David H December 4, 2020 at 5:08 PM

Explanatory Power: 

Understanding addiction as disease of dependency/craving can explain the symptoms of irrational pursuit, harmful usage, loss of systematic control etc. The converse is not the case. Aren’t addiction researchers interested in explaining more than less with their accounts? If so, they should accept my approach of disease and symptoms. Or if they resist the disease/symptoms approach, they should non-pathologically substitute something of explanatory comprehensiveness of a condition (cravings/dependency) and its consequences. The former is always present, the latter are like symptoms, likely but not essential. Why limit oneself to saying someone whose brain injury removed their control faculty so they couldn’t have failures to control for they had no control at all, is no longer an addict? Control failures are likely and symptomatic but not essential to addiction



Bob Kelly December 13, 2020 at 3:17 PM

I think it is right that *actual* control failures are very likely (maybe we can say 'symptomatic') consequences of having an addiction. Harm is the same way. Still, I don't think one needs to be awake to be an addict. An addict that gets plopped onto a desert island, or suddenly goes into a coma, is not thereby a non-addict. Hence, actual behaviors (manifestations or realizations of an addiction, which is a disposition) need not be present for the disposition to be present. We are agreed here.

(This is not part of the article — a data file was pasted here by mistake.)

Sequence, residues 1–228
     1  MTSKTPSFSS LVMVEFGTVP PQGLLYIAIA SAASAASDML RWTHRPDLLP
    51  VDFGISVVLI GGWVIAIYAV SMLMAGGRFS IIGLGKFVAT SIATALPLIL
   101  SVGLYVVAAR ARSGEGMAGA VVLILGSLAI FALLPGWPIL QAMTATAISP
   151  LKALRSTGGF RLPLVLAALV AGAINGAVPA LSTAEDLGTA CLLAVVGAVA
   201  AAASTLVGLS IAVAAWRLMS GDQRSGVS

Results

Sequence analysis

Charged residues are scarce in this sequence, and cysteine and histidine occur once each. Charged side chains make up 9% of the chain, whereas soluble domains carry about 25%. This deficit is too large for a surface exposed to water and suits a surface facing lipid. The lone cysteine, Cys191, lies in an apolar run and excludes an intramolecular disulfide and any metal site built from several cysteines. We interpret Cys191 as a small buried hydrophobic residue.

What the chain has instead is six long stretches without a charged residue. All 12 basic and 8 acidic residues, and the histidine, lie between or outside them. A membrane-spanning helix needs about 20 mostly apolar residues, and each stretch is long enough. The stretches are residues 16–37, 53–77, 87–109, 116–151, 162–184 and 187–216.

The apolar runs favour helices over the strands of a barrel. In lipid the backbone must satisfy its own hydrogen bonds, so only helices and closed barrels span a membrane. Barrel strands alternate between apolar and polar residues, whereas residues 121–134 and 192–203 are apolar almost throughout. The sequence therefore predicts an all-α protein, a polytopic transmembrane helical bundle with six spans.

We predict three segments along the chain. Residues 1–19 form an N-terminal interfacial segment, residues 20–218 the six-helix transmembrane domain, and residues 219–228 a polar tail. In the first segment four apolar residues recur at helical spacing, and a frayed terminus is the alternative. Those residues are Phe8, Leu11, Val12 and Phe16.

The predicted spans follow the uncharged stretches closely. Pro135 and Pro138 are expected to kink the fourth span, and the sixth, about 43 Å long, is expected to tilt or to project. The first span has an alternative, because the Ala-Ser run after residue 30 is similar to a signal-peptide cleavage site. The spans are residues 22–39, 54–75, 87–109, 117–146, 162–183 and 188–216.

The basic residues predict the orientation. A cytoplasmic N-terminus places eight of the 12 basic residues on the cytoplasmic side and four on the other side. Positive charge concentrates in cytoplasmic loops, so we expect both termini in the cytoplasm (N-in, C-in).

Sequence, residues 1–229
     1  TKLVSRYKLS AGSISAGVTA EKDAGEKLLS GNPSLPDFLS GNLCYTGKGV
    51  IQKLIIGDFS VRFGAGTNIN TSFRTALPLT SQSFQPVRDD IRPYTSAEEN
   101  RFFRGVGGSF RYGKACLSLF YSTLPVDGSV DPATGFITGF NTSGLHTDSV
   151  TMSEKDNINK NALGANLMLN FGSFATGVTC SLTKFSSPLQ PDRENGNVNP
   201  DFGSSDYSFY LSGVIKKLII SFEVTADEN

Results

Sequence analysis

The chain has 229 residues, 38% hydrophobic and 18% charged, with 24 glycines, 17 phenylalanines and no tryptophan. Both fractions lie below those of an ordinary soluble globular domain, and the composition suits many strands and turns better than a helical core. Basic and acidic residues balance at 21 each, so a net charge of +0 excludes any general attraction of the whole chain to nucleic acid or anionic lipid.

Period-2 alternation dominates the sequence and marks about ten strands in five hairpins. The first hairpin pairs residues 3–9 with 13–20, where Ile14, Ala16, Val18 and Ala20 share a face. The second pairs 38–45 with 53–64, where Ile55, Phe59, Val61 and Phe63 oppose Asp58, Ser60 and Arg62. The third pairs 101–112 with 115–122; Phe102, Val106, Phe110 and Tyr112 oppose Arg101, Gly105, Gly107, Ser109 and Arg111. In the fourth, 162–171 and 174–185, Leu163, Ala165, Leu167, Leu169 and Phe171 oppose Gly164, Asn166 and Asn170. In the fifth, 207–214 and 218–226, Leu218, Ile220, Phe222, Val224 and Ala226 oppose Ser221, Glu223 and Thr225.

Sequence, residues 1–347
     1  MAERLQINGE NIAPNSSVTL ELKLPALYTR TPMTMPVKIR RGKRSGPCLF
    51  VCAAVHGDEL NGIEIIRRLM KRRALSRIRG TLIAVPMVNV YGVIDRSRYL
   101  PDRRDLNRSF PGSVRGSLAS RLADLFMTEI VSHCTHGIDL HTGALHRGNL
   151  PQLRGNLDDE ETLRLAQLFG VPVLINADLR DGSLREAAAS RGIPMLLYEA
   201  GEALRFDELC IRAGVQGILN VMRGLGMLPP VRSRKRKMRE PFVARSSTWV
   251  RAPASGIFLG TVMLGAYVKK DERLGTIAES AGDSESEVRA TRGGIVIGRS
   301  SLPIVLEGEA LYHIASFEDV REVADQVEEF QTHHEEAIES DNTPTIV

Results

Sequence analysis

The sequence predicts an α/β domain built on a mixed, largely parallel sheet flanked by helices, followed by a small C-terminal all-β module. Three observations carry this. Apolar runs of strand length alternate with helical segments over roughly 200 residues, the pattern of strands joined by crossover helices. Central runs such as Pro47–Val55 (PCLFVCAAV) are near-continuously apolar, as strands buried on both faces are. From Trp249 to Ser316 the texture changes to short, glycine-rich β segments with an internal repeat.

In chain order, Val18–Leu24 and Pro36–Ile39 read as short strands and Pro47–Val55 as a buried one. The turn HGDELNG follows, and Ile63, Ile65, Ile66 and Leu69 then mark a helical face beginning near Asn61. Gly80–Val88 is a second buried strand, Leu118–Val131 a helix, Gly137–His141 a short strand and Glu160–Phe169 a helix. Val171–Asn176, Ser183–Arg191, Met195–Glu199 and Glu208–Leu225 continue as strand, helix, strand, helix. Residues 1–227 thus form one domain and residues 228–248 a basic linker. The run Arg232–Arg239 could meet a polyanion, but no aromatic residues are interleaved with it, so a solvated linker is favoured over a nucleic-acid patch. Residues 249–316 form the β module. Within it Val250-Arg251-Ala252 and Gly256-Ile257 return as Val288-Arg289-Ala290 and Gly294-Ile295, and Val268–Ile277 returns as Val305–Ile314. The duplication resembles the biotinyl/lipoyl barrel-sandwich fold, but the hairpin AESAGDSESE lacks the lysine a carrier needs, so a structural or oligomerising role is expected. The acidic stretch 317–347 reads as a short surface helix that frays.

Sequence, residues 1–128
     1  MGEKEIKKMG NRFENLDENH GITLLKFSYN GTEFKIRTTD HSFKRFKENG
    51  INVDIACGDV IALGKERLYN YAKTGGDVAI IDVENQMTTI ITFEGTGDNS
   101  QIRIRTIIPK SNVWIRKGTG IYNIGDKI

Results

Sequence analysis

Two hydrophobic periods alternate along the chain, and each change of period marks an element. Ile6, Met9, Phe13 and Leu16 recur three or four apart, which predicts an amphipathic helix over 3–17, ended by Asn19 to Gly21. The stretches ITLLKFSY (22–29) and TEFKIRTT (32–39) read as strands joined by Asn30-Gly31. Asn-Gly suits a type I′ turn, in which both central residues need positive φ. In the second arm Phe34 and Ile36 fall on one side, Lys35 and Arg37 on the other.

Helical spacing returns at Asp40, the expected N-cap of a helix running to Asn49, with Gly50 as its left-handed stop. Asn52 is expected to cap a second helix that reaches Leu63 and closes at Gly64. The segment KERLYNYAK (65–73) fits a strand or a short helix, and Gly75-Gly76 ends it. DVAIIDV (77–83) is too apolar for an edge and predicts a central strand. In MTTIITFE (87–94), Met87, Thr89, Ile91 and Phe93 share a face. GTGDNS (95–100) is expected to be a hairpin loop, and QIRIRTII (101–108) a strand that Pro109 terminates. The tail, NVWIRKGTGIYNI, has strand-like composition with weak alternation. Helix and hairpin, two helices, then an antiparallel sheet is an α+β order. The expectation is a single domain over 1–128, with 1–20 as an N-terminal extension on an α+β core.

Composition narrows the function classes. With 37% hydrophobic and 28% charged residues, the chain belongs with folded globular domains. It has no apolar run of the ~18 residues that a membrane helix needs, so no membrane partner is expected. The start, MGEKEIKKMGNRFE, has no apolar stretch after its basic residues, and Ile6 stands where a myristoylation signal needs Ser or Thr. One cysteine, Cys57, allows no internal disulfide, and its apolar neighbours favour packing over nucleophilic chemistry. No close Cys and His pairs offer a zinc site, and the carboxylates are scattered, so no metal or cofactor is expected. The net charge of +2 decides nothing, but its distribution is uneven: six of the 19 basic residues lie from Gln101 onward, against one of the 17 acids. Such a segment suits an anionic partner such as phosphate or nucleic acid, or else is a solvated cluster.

David H December 4, 2020 at 5:10 PM

Responding to a Reductio with a Reductio: 

I always thought it was a reductio of the social harm requirement to disorder/disease/pathology if someone who was say pathologically infertile in one society would cease to be disordered/disease/pathological if moving to say a Shaker society or other society that didn’t want children. But Levy’s response to this absurdity is not to abandon the harm requirement but to absurdly claim that infertility would never be a disease if there are accessible communities where it is not harmful. He didn’t use the example of infertility but instead used homosexuality and peanut allergies. If one’s allergy isn’t a disease because peanut-free environments are accessible, then doesn’t that mean hypothermia not a disease because one can relocate towards the equator, and altitude sickness is not a disease because one can easily live in flat lands, and malaria is not a disease if we can cheaply drain swamps or move from them? If these fail on the ease and cost condition, we can just help ourselves to thought experiments where they aren’t costly – heck, why not free, close fitting portable bubbles for those without immunes systems that are no different in burdens than putting in contact lenses. Or we can perhaps more easily imagine viruses, snake bites and drug overdoses ceasing to be pathological if everyone is easily and cheaply vaccinated or given preventive anti-venom or invent a preventive Narcan or other preventive naloxone-like drugs.